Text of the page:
Ha’azinu, “listen,” urges us to one of the most difficult of acts: to listen to the wisdom of the ages. Each of us rejects that which has come before us in our struggle to become ourselves: every parent knows that you cannot help your child to avoid the mistakes you made – each of us has to learn through making many of the same errors. To come to know ourselves as individuals we must separate from others enough to see our own shadow, as it were; and then, even as a child learning to walk reaches out for the support of a caregiver’s hand, we spend the rest of our lives reaching out for the oneness we were born with and had to lose in order to begin to understand how to find.
“The older I got,” one Jewish comic said, “the smarter my parents became.”  One day we are finally able to listen, and what we hear is what we needed to hear all along. Others have struggled as we do; ancestors have faced challenges just like ours; there really is a chain of human tradition to which we belong. We are not alone.
At the right moment, such knowledge provides comfort, consolation, and the support of knowing you can and do belong.
On this coming Sunday evening, as we enter the Sukkot harvest Festival, may we be able to listen to the words of the generations of those like us who came before us and created the awareness of this holiday:
1. the lulav and etrog to wave together to demonstrate how a diversity of life all comes together to speak of Eternal truth;
2. the harvest abundance, to urge us to realize how much we have, and see the best ways of sharing it;
3. and the sukkah to remind us that our homes and the security they convey are fragile, and that everyone needs a roof to keep off the rain.
On Sunday afternoon Jewish communities all over the world will gather to celebrate and consider the harvest we have created as a community. We’ll raise and decorate our Sukkot, many of us at our own homes, others of us sharing a Sukkah, and some visiting the Sukkah of others if we have no place to build our own temporary dwelling . There we will meet each other to share the harvest of our gardens, and of our lives. May it be, as the ancient wish goes, a time akh same’akh, a time in which you are gifted with joy in your life and all you can hear when you listen.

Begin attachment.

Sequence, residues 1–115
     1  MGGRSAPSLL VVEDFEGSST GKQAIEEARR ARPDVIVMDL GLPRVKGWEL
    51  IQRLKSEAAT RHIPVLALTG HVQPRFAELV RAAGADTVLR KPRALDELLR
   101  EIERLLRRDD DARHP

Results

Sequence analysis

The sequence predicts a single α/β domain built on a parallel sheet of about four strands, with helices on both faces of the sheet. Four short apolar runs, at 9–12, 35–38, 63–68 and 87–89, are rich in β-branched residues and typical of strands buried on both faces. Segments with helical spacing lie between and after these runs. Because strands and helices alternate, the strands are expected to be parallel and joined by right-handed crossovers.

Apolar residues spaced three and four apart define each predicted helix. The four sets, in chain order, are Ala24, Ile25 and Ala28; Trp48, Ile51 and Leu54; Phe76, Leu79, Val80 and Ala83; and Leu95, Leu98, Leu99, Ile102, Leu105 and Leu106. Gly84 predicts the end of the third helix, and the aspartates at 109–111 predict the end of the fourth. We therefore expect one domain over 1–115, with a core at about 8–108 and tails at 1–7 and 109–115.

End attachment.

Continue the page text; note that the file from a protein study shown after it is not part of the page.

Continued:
Shabbat Shuvah: Remember Who You Are

Every year we observe Shabbat Shuvah between Rosh HaShanah and Yom Kippur. It is not the same parashah every year, though; this year, our Torah text is parashat VaYelekh, “he went.” It refers to Moshe, called in our tradition Moshe Rabbenu, “our Rabbi” – our teacher, our guide, our spiritual support.
וַיֵּלֶךְ, מֹשֶׁה; וַיְדַבֵּר אֶת-הַדְּבָרִים הָאֵלֶּה, אֶל-כָּל-יִשְׂרָאֵל.

Moses went and spoke these words to all Israel;

וַיֹּאמֶר אֲלֵהֶם, בֶּן-מֵאָה וְעֶשְׂרִים שָׁנָה אָנֹכִי הַיּוֹם–לֹא-אוּכַל עוֹד, לָצֵאת וְלָבוֹא; ה’ אָמַר אֵלַי, לֹא תַעֲבֹר אֶת-הַיַּרְדֵּן הַזֶּה.

he said unto them: ‘I am a hundred and twenty years old today; I no longer can go out and come in; and HaShem has told me that I am not going with you across the Jordan river.

ה’ אֱלֹקיךָ הוּא עֹבֵר לְפָנֶיךָ.

HaShem your G*d will go with you (Deuteronomy 31.1-2)

Moshe, our leader, spends most of the Book of Devarim (Deuteronomy) speaking final words to us. Our commentaries, ancient and modern, see something implied by the double verb: went and spoke. While in the southern dialect of American English in which I was raised this is merely a helper verb, our ancestors were looking at the Hebrew text. Reading carefully, they asked: what might vayelekh, “he went” mean?
After Moshe finished establishing the covenant with the Israelites [who were about to cross the Jordan] everyone went home. After that, Moshe wanted to take his leave of them for he knew he was to die. In his great love for them, in order to do them honor, he went from tent to tent, from tribe to tribe of the people of Israel, to let them know that he was to die, and to part from them.  This is why it is written “he went and spoke these things to all Israel.”
                                         – Isaac Abarbanel, Torah Commentary, Deuteronomy 31.1
One commentator asked, why didn’t he just call an assembly? Because as old and as honored as he was, Moshe was still humble, and instead of calling the Israelites to attend to him, he went to each of their homes to say a personal goodbye. This great leader didn’t forget his human needs, nor anyone else’s.
Shabbat Shuvah invites us to remember who we are, and what we need – and that everyone else is only human, and has needs too. The Days of Awe encourage us to get lost in ourselves as we try to see who we have become and consider whether that’s who we want to be, and we can forget that none of us exists separate from others. We are all connected with so many invisible lines – of love, of expectation, of anger, of dependence, of all the other ways we influence each other in a community. What may be obvious to you may not be to me, and of course, then there’s assumptions, grudges, and all the other baggage we carry, most of it unnecessary, all of it awkward and difficult.
Learning from Moshe Rabbenu, may we never be too proud or too awkward to seek each other out, rather than getting wrapped up in ourselves and our own worries, watching them grow all out of proportion while we wait for others to come to us. How will I know that you need me to come to you, how will you know when to come to me? and yet my well being depends upon yours, and yours upon mine.
גמר חתימה טובה
May you be sealed for a good year